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USAID’s SHOPS Plus Project Closes
September 17, 2021

USAID’s SHOPS Plus Project Closes with Track Record of Improving Private Healthcare in Madagascar

Today, the United States Agency for International Development’s (USAID) Health Office Director, Sophia Brewer, and a Representative from the Ministry of Public Health officially closed out a collaborative project focused on improving access to quality healthcare services, primarily through private-sector engagement.  The project, Sustaining Health Outcomes through the Private Sector otherwise known as SHOPS Plus, has been implemented by ABT Associates since 2015.

On behalf of the American people, USAID has funded SHOPS Plus with more than $10 million over six years.  During this time, the project established public-private partnerships, reduced financial barriers by improving private providers’ access to health financing, and enhanced healthcare services by creating and deploying sustainable healthcare and health management training.

Major Achievements of SHOPS Plus:

  • 3,090 private clinics integrated into the national health system through collaboration with the Ministry of Public Health’s Department of Studies, Planning and Information System.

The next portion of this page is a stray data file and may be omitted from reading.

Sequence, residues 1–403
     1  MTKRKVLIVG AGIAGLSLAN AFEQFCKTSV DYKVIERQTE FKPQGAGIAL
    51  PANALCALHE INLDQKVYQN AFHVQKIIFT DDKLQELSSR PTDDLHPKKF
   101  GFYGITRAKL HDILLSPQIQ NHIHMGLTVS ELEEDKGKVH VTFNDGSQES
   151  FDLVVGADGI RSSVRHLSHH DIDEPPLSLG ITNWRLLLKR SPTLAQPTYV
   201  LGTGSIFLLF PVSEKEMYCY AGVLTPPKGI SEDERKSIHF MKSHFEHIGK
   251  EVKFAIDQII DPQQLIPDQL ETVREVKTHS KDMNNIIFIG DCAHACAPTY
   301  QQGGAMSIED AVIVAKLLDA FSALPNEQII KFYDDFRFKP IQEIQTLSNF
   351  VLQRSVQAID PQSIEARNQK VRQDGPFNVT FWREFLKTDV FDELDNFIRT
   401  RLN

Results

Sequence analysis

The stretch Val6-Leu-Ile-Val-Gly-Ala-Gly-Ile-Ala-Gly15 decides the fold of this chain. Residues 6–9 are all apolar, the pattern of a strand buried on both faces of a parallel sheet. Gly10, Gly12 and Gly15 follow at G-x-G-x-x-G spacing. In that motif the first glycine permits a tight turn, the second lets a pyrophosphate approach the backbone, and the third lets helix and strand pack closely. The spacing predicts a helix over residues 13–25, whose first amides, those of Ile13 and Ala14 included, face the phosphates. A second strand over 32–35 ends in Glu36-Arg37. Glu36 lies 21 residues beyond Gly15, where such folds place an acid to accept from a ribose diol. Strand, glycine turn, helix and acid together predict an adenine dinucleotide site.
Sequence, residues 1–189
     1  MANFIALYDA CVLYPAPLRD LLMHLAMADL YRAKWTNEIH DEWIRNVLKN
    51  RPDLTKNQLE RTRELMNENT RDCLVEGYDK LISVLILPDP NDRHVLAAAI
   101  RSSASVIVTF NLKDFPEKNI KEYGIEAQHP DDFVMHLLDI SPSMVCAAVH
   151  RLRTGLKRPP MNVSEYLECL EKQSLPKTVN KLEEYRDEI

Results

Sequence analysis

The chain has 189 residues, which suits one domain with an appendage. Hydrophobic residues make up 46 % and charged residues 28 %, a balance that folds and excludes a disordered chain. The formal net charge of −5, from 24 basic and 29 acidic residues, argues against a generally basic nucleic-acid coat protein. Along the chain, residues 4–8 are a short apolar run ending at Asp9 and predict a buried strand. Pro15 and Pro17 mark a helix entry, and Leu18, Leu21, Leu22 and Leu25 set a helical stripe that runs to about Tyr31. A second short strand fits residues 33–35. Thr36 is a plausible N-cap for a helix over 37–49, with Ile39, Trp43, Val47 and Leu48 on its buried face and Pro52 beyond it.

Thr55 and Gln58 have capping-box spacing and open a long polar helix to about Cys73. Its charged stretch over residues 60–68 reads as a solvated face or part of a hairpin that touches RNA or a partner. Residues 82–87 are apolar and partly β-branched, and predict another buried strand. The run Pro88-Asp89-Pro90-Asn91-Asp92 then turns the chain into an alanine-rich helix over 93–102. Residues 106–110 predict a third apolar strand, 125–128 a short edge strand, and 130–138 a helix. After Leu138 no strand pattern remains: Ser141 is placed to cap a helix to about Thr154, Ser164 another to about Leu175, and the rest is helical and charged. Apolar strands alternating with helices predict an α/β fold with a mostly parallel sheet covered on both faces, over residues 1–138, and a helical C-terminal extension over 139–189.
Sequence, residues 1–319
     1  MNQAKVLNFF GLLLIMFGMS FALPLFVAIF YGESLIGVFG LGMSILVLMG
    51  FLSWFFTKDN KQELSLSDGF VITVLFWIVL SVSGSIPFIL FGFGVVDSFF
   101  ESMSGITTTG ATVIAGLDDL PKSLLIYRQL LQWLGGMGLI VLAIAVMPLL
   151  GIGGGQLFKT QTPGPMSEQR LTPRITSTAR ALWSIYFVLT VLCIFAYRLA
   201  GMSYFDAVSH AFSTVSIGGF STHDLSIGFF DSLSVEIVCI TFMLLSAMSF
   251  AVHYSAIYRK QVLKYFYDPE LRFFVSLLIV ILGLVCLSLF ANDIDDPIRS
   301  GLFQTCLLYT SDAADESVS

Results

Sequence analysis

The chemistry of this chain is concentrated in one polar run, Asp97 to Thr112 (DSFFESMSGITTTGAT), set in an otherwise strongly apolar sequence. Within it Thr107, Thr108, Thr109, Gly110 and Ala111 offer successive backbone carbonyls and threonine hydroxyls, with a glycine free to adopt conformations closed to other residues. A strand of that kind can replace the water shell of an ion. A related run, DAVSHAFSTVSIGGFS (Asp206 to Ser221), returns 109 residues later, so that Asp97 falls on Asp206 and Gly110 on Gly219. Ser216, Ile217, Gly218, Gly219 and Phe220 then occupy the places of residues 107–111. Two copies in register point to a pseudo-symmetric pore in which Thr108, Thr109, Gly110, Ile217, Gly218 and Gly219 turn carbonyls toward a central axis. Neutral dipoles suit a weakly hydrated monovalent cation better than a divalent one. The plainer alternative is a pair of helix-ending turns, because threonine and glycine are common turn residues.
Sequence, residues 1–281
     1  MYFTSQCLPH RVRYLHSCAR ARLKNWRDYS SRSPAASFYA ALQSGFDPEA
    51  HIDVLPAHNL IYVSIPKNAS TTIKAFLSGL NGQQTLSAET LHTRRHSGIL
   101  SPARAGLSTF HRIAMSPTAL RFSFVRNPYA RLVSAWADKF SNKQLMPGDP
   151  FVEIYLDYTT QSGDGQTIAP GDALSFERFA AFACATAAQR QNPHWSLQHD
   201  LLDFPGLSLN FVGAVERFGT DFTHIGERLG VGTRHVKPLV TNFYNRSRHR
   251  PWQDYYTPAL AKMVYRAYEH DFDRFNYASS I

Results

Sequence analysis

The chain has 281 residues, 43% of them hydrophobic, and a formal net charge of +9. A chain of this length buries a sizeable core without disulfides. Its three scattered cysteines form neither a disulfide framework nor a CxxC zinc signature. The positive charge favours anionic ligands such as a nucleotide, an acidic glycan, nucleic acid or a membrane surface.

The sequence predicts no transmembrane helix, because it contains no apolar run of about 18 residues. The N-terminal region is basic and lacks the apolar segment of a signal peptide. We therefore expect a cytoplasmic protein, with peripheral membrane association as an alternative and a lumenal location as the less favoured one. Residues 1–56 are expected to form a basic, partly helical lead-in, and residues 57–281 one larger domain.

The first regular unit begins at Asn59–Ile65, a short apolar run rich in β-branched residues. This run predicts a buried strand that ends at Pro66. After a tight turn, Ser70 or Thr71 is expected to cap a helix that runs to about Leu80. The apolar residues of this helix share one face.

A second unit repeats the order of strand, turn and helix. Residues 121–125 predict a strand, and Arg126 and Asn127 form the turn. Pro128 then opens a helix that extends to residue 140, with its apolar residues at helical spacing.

• 1,623 healthcare providers from more than 900 private clinics trained, improving the quality of healthcare and services in partnership with the Institute of Training and Management Technology. Training covered maternal and child health; malaria; family planning; water, sanitation, and hygiene; COVID-19; and financial management and reporting.
  • 463 loans in the amount of $2.9 million provided to strengthen private clinics’ technical capacity in partnership with “Accès Banque” and “Baobab Banque.”
  • Federation of “MIARA-MIAHY” health mutuals established and significantly contributed to health policy, particularly through contributions to the 2020-2024 Health Sector Development Plan and implementation of the Universal Health Coverage strategy.
  • 300 “model” private clinics formally created across the 13 regions, expanding services and providing continuous quality healthcare.
  • 13 local organizations and the Medical College of Antananarivo set up for ongoing training through 33 trainers to ensure the sustainability of SHOPS Plus-developed courses.
  • Government’s health commodity distribution and logistics system strengthened by identifying public-private partnership opportunities.

This partnership is an excellent example of how the United States and Madagascar are working together like “mpirahalahy mianala” to improve health outcomes through the delivery of family planning and reproductive health, maternal and child health, and malaria treatment that is accessible to all at any time.

The U.S. government is the largest single-country donor to Madagascar’s health sector, providing $74.5 million in 2020 alone to fund USAID’s health projects.  These projects reduce Madagascar’s maternal and child mortality, provide access to potable water and sanitation, protect communities from malaria, improve access to family planning, ensure a reliable supply chain of vital health care supplies and medication, and reinforce the national community health policy.